My point is, a company like that, keeps everyone inspired to think and find new solutions for what's next, through engineering and design. Pro-Chris Bangle or not, BMW is a company that believes in being a leader brand that produces the ultimate driving machine (though the marketing might preach differently). They continue the pursuit to be ahead of everyone else and they are proud of it.

BrandCowboy said...

BMW is a really interesting case. They were the most independent car company in the world for most of their history, and that made them free to stick to their vision. Amazingly, it got them to 1.5 million units a year (still 10% of Toyota, but a serious number compared to other prestige brands).

Which brings up Bangle. To me, the issue with him was that he was/is about style, whereas the BMW aesthetic was at least nominally in the service of its vision of what a car should be. It's been fascinating to watch them work it out, and my own vote would be that things are better now. The cars are still fresh and brave, but much more true to the quiet self confidence the brand has always had.

I think your assessment is dead right. Thanks for sharing the story!

miro said...

Hi Bruce
best of the New Year to you and the readership.

You've stated the problem very well. I am a little confused at to why you blame consumers?
"...And there is plenty of blame to go around, from head offices to the shop floors to the showrooms to the consumer’s driveways "

The key question is who owns the brand and the customer relationship. If that had been identified and a modicum of leadership prevailed (Wagoner had oodles of time at the helm) - this would have been a different story.

For all the category and early brand innovation the Detroit 3 brought to the table, it was their cumbersome matrix structure aligned to meet (internal) stakeholder and not consumer needs that was their ultimate downfall.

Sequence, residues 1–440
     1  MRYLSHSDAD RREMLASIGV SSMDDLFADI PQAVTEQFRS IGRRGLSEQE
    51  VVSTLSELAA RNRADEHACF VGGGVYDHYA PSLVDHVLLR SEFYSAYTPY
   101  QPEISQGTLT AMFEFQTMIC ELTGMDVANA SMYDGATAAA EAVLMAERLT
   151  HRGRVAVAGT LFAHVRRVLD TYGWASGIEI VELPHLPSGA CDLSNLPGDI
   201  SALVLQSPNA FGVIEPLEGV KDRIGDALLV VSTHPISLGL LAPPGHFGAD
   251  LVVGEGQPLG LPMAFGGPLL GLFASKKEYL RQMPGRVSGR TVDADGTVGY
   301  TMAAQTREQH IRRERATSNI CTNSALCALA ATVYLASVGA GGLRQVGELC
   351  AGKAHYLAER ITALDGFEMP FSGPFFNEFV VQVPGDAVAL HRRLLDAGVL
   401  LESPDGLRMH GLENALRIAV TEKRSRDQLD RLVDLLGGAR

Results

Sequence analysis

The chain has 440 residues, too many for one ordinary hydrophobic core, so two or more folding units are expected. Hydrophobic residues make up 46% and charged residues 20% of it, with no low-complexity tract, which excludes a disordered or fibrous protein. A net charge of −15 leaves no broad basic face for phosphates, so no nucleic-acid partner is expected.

D3 simply did only what they had to in order to satisfy shareholders for the quarter - while the rest sought to satisfy customers as part of a journey of continuous improvement. And unfortunately their cost of failure is too high at at this juncture - otherwise ...

The bigger question is what happens going forward.
Can they re-invent themselves...not just the product but the service and the dealership network as well? Will consumers buy into the new promise? Is it even possible for the D3 (or D2/D1) to deliver what is needed when their bar has been raised higher than the rest of the sector as a result of the bailout?

Like the fortune cookie says
"May you live in interesting times"
cheers
Miro

Emma said...

Sorry, back to BMW quickly: not only are their aesthetics amazing, but their technology is too. My bike is from there and I'm always amazed at how brilliantly it works. Plus the longevity of their products, the cars seem to have no problem lasting decade after decade....hmm...perhaps I should just become a spokesman for BMW...

Either way, the great product/brand relationship has lead to great success for them. One of the few luxury class brands with a young image. trés refreshing.